PR and the 2016 Election

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  • November 3, 2016
  • Hilary Livingston

The 2016 election cycle has gained global attention for its bizarre and almost-but-not-quite comical headlines. In the last few months, we’ve heard about Russian hacking, email servers, global warming and everything in between. Everyone has an opinion on the candidates and the issues, but while 2016 has brought out some of the most memorable political campaign moments in recent history, those of us in the communications world can’t help but look at the election with our PR hats on.

Upon close inspection, and despite the differences in issues (and spokespeople) between politics and the tech industry, the mantras we live by in the PR world apply just as well to both sides of the coin. Selling a product is really no different than selling a presidential platform when you consider the strategies behind influencing your audiences.

This election cycle, a lot of us PR professionals have shared some of the following thoughts while watching the candidates:

  • Just answer the question. We’ve all seen the debates where a moderator’s question will be completely ignored for the sake of a candidate’s viewpoint on issue x, and we all just want to yell: “Answer the question!” Too often, spokespeople can get so wrapped up in their company talking points that they will completely fail to answer the question at hand. Your audience will learn your position on the issues in due time, but it’s important that you appear personable and engaged in the interview by sticking to the topic.
  • Social media really is a powerful thing. Social media has influenced this election like none before it, and it’s proving to still affect the voting population just a week before the election. From Bernie Sanders’ enduring Facebook community to the discovery of Melania Trump’s plagiarism on Twitter to the #HillaryForPrison campaign, social media continues to provide a powerful outlet for political ideas to grow and gain popularity. Just as a solid social media strategy can help popularize a new SaaS company or the latest mobile phone, so too can it rally support for or against a political campaign.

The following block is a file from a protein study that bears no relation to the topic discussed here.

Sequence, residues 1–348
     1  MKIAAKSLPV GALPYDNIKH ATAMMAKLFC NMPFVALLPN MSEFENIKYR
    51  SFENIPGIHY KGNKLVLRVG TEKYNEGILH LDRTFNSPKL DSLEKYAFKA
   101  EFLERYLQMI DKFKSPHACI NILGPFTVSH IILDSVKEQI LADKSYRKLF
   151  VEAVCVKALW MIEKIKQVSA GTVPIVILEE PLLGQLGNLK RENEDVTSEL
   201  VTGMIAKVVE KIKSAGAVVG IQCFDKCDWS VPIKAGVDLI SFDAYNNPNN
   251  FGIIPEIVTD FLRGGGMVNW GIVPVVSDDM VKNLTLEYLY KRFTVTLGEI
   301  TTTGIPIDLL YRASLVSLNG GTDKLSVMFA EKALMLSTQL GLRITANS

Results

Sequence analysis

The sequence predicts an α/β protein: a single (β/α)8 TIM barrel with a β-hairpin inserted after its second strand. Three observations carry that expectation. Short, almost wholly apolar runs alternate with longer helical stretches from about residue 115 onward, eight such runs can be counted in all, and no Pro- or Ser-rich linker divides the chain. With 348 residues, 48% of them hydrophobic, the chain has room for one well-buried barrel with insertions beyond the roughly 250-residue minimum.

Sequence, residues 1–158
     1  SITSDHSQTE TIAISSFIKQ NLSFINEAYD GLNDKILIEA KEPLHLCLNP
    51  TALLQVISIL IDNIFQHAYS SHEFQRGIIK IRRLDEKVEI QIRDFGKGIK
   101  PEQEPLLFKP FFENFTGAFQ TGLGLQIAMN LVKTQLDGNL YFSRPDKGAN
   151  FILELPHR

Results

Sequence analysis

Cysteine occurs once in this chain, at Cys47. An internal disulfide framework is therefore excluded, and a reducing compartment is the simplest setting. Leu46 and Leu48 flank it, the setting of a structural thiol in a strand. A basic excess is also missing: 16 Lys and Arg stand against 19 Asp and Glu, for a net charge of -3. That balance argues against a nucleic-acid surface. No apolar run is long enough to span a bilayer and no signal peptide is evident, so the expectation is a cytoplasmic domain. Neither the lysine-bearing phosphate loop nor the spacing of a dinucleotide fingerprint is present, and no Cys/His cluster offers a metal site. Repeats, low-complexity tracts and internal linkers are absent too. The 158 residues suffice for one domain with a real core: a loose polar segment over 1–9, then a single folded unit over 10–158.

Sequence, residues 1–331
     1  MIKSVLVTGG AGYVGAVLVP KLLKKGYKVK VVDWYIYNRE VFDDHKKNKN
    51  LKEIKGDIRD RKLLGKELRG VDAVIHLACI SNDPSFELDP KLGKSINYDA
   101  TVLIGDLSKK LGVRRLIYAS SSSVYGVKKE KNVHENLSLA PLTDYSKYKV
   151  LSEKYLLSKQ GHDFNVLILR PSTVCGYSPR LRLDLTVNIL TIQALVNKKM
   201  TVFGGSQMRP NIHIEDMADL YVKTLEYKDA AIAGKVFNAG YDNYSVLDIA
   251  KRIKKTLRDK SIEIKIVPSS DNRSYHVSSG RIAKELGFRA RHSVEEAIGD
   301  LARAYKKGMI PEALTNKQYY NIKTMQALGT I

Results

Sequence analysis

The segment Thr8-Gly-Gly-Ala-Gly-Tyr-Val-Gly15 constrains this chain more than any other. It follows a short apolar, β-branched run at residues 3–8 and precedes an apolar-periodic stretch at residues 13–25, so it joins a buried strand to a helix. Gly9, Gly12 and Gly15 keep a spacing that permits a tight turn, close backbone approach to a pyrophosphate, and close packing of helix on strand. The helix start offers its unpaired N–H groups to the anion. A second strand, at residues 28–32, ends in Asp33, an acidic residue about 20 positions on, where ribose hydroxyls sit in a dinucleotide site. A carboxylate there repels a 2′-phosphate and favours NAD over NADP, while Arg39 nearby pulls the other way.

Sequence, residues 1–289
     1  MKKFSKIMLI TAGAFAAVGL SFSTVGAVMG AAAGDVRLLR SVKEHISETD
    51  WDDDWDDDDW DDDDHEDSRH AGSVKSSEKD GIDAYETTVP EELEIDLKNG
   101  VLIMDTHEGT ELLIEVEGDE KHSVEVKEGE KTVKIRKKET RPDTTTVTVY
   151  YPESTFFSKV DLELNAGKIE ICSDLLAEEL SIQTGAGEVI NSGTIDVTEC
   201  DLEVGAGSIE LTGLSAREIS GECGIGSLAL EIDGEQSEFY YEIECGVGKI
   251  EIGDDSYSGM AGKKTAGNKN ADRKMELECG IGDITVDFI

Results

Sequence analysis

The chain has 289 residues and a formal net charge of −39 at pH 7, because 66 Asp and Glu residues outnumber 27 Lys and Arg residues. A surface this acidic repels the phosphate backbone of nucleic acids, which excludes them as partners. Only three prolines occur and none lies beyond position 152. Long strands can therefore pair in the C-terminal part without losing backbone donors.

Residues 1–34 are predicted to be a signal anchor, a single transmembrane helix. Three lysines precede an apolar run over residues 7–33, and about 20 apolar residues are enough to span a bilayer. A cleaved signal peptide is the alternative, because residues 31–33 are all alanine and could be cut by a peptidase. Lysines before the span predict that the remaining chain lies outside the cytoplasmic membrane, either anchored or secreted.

• Stay on message! When staffing interviews or reviewing marketing content, we’re always imploring our clients to stick to their messaging. While some candidates have taken this to the extreme—see “Answer the question” above—the ability to constantly circle back to your main selling points is key to gaining support. It’s important that your audiences really understand what you truly stand for, and proper messaging can help with that.
  • The 24-hour media cycle is real. In 2016, when headlines need to be cranked out at unprecedented speeds, there’s no reason to think that any news is exempt from a potential media frenzy. From candidates’ food preferences to their homes, there’s seemingly no limit to what will gain coverage during an election cycle. Reporters have gone from working towards a Pulitzer to generating the most click-able headlines, and PR pros need to navigate the media’s thirst for viral content.
  • Always be telling a story. Policy and platforms are great, and they used to be enough to get a candidate elected. But these days, with the media cycle the way it is, it’s important that a candidate always be telling a story that resonates with people: what is the problem, why is it happening and where do I come in? If Americans are told by a candidate, Hey, we’ve spent far too long allowing corporations to influence our government, and I’m going to change that, you better believe a number of people are going to start listening. The same is true for any company messaging: if you can tie your offering into a wider story and problem that needs to be fixed, you have a much better chance of resonating with your audiences.

There are obvious differences between marketing, say, a new brand of VR goggles and running for President of the United States, but there are definite communications takeaways from the election cycle that can be extrapolated for any sort of PR campaign. Even in something as unique as the presidential election, we should always be listening for ways to improve at what we do.

Though—if you’re anything like me—you might be ready to move on to 2017.

Other good stuff in here